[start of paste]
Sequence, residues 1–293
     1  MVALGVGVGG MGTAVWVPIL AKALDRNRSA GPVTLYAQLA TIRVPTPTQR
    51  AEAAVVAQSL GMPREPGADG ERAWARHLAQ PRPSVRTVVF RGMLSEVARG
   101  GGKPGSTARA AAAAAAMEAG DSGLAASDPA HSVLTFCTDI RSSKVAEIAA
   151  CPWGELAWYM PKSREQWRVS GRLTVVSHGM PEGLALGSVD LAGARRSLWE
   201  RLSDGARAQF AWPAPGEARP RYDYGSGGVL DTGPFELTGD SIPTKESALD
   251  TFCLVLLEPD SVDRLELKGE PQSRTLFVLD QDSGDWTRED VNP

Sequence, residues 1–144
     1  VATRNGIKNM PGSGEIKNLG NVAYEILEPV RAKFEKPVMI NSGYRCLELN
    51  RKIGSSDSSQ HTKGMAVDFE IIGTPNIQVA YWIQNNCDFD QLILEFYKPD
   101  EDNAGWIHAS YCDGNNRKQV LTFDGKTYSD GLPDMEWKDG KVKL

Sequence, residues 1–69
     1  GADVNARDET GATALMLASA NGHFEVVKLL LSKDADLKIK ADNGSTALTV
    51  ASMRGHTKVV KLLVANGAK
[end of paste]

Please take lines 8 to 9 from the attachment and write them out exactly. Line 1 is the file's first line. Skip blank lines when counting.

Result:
Sequence, residues 1–144
     1  VATRNGIKNM PGSGEIKNLG NVAYEILEPV RAKFEKPVMI NSGYRCLELN